exception #1: sister and her husband came to visit from albany. delicious barbecue dinner (split with the boyfriend) -$50

exception #2: sister’s visit ran concurrently with my niece’s 2nd birthday. dora the explorer microphone -$15

exception #3: accidental impulse purchase of coveted belt at target while buying dora microphone- $16

exception #4: purchased gas for friend who keeps hauling my ass home from dance class- $20

exception #5: bought a compilation of oldies on itunes to sing in the car with my little sister (she’s a living oldies encyclopedia)- $27

total damage: $128 (on top of the allotted $50 i spent on tomfoolery earlier in the week).

looking back on them all, only the belt (which i do love and have been stalking for many months) counts in my mind as a true foible. gas, gifts, and time spent with loved ones (especially loved ones who live 5 hours and 11 minutes away and never visit) hardly qualify as mistakes, so why do i feel so guilty about it? it’s roughly the same feeling that i get whenever i cheat on a diet:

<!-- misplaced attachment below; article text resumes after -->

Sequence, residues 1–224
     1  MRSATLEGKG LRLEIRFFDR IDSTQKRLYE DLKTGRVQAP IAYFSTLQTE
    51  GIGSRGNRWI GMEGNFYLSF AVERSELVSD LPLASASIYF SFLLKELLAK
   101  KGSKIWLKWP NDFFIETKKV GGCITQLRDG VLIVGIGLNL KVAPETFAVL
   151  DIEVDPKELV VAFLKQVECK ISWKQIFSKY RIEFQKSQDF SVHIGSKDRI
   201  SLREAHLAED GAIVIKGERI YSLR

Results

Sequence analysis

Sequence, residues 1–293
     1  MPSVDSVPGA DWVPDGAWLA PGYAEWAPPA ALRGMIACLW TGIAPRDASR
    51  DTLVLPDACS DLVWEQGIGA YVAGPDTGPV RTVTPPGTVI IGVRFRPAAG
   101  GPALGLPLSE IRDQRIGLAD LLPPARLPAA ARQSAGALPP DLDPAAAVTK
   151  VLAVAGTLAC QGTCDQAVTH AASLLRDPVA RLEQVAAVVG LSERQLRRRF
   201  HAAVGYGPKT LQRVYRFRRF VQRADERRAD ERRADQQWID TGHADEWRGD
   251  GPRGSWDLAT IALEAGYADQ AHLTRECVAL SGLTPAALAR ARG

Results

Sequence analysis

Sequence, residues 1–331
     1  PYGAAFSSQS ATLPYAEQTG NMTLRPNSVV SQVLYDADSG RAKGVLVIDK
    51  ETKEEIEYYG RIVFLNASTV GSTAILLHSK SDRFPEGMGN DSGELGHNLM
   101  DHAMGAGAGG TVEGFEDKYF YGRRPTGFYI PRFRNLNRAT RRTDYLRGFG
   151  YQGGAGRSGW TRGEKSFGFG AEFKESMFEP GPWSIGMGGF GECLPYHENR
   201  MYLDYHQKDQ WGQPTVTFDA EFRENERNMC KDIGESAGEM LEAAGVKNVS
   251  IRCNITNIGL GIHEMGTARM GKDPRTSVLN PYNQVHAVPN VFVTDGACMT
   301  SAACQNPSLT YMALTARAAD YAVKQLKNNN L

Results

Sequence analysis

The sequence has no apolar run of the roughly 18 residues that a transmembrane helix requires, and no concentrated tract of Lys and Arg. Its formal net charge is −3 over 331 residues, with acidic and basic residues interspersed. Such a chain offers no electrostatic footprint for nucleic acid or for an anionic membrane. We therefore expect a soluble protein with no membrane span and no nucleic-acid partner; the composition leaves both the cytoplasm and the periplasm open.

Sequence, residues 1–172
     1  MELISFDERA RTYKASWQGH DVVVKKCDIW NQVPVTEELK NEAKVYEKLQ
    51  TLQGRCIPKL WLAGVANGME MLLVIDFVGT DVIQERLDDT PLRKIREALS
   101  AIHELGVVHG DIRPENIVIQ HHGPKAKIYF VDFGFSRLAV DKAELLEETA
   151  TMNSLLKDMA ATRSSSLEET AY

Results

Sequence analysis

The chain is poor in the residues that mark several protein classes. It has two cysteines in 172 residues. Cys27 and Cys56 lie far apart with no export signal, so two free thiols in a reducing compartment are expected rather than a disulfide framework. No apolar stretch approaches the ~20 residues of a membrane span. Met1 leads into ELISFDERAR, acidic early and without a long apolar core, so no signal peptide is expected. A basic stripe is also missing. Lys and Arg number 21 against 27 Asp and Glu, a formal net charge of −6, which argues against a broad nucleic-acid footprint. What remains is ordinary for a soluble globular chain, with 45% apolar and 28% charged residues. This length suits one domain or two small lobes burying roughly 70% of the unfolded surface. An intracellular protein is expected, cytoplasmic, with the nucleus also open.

i am only very slightly overweight. but, i remember what it feels like to weigh 25 lbs. less, and i miss those days with great desperation and self criticism that indicates that i will never be happy in my current skin. i even know how to lose weight (what i should eat, how much exercise). however, whenever the part about sacrifice and sucking it up rolls around… i fold like the foldiest folding chair that ever folded. out roll the excuses about how i’m going to start tomorrow, had a hard day, or how a few more calories won’t hurt. i am the motherfucking excuse master. somewhere in my stupid head (even though i think i want otherwise),  i know that i’m “not that fat”. i am normal and passable (acceptable even!) to most in a way that makes the urgency less um… urgent.